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jungykang

Math EE on Stats and Medicine

Hey guys, so I'm doing my EE on mathematics and I need it to be connected to medicine, because thats what i'm applying for, and I thought after spending a month or two on modelling it would be a crazy waste of time and overly difficult, so I decided on a statistical focus.

I want something interesting but I'm not sure how I would be able to score an A/B mark, especially as statistics seem too simplistic (?).

I take math hl currently, doing well, and all suggestions are welcome.

I'm mainly thinking about medical issues such as rising rates of cancer/obesity/celiac disease/autoimmunity and seeing if they are actually caused by issues in lifestyle/environmental factors or are being caused by our naturally growing and developing (economically, hygenically, etc...) population/world. Would that works as a nice topic?

Thanks in advance.

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1. You don't have to make your EE related to the course you want to study later on. Most of the time in the admissions process, unless you specifically mention it and reference it in your personal statement/interview/etc they're not going to ask about it or care. If you really like mathematics to want to do an EE on it, go ahead, but it doesn't have to be connected to medicine.

2. With math EEs you're more or less solving some sort of mathematical problem. This is different from something you do in class, this is a much more complex, difficult problem you investigate using mathematical theory and research, and you answer it giving mathematical proof. The answer you gave does not really sound like a math EE, more like a health topic that you're using statistics to help analyze. It would be insufficient for a math EE topic.

To get an idea of what kinds of topics are appropriate for math EEs, try reading the EE guide to see what works. Good places to get inspired for questions to work with are past math olympiad questions and textbooks that contain a list of investigations. You don't have to go out and solve an unsolved mathematics conundrum (save trying to solve the Navier-Stokes equations for turbulence to the mathematicians), but it should be more complex than something you'd do in class.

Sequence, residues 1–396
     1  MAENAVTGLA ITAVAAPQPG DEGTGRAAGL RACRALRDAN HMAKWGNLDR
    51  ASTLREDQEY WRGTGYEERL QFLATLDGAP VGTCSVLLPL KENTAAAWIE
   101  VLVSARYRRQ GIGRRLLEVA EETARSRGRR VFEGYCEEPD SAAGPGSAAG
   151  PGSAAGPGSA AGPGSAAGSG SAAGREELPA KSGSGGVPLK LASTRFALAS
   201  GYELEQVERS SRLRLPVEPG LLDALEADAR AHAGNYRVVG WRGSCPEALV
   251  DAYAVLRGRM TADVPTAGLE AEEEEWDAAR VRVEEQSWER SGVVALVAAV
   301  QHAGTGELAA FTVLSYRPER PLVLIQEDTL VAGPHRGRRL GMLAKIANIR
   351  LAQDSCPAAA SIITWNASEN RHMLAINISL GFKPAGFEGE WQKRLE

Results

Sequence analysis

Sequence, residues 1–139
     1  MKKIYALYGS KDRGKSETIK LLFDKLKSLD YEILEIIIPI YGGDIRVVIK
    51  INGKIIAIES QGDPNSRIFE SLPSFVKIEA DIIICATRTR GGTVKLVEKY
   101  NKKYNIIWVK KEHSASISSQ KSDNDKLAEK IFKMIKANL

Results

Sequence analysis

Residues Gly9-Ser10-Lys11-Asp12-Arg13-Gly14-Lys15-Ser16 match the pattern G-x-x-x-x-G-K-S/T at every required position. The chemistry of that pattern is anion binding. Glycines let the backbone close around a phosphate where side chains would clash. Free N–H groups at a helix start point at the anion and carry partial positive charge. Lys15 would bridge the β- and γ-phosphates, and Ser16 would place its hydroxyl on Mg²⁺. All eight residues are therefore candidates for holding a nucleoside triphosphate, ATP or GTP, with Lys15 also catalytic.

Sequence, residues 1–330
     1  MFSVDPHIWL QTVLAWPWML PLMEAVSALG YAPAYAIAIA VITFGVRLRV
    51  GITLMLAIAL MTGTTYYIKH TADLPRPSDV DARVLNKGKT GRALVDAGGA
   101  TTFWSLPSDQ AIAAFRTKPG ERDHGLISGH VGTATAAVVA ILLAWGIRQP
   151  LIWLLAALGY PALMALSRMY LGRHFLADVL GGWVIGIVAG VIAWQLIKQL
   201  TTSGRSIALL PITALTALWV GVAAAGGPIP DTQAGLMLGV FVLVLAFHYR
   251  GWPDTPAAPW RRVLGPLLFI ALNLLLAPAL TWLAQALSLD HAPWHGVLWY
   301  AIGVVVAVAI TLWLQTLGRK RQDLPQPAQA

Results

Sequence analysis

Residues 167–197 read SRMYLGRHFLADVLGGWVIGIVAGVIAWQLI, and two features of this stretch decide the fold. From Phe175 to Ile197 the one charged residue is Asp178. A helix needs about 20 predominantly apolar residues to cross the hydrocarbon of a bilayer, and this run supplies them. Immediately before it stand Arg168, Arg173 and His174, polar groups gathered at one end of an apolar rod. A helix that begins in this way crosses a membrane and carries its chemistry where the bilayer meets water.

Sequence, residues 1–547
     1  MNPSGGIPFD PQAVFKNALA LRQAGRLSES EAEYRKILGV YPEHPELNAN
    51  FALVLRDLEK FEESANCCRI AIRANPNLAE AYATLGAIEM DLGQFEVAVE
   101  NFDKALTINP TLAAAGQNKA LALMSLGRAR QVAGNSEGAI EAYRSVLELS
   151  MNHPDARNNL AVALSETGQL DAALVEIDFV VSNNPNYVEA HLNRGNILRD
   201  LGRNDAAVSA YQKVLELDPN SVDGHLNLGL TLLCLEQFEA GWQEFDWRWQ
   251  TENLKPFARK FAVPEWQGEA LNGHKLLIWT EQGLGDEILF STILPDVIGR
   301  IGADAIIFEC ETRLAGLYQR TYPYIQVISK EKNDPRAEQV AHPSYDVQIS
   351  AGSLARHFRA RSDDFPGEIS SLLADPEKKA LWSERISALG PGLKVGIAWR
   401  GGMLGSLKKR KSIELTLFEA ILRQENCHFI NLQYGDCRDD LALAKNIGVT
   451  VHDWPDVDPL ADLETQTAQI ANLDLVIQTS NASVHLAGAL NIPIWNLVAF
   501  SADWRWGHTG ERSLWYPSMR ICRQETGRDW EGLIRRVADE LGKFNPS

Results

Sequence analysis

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I think it's also worth noting that hypothesis testing in general isn't really an ideal for an EE, because of the nature of the topic. Having taken the stats option, a large part of it is about applying formulas, you aren't given any means to understanding the derivation (stuff relating to bivariate distributions and t-tests especially). As a result, the EE would likely end up as just taking a bunch of data, applying standardized tests and/or inappropriate tests and coming up with a simple conclusion. To make things worse, you can't apply many of the standard tests for correlation because health-related issues are influenced by so many different factors - you won't really get a simple answer.

As mentioned above, for an EE in maths it's best to start by getting ideas and such by looking around, find a topic/field of interest and work from there.

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1. You don't have to make your EE related to the course you want to study later on. Most of the time in the admissions process, unless you specifically mention it and reference it in your personal statement/interview/etc they're not going to ask about it or care. If you really like mathematics to want to do an EE on it, go ahead, but it doesn't have to be connected to medicine.

2. With math EEs you're more or less solving some sort of mathematical problem. This is different from something you do in class, this is a much more complex, difficult problem you investigate using mathematical theory and research, and you answer it giving mathematical proof. The answer you gave does not really sound like a math EE, more like a health topic that you're using statistics to help analyze. It would be insufficient for a math EE topic.

To get an idea of what kinds of topics are appropriate for math EEs, try reading the EE guide to see what works. Good places to get inspired for questions to work with are past math olympiad questions and textbooks that contain a list of investigations. You don't have to go out and solve an unsolved mathematics conundrum (save trying to solve the Navier-Stokes equations for turbulence to the mathematicians), but it should be more complex than something you'd do in class.

Although I found your answer to be informative, after speaking to representatives of medicine admissions from the unis i want to apply for, they told me it does help quite considerably to focus on medicine, so I definately will.